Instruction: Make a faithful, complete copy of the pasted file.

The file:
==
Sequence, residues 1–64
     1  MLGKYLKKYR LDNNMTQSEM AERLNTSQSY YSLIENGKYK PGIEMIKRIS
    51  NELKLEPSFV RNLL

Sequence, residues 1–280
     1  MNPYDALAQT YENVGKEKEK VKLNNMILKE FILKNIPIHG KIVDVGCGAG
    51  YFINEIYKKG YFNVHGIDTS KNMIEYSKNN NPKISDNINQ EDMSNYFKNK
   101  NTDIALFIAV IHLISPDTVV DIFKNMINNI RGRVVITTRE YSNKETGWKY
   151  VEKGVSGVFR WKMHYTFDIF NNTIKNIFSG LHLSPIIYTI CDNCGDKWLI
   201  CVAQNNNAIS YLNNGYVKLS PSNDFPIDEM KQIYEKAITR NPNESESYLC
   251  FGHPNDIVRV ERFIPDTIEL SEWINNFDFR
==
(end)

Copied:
Sequence, residues 1–64
     1  MLGKYLKKYR LDNNMTQSEM AERLNTSQSY YSLIENGKYK PGIEMIKRIS
    51  NELKLEPSFV RNLL

Sequence, residues 1–280
     1  MNPYDALAQT YENVGKEKEK VKLNNMILKE FILKNIPIHG KIVDVGCGAG
    51  YFINEIYKKG YFNVHGIDTS KNMIEYSKNN NPKISDNINQ EDMSNYFKNK
   101  NTDIALFIAV IHLISPDTVV DIFKNMINNI RGRVVITTRE YSNKETGWKY
   151  VEKGVSGVFR WKMHYTFDIF NNTIKNIFSG LHLSPIIYTI CDNCGDKWLI
   201  CVAQNNNAIS YLNNGYVKLS PSNDFPIDEM KQIYEKAITR NPNESESYLC
   251  FGHPNDIVRV ERFIPDTIEL SEWINNFDFR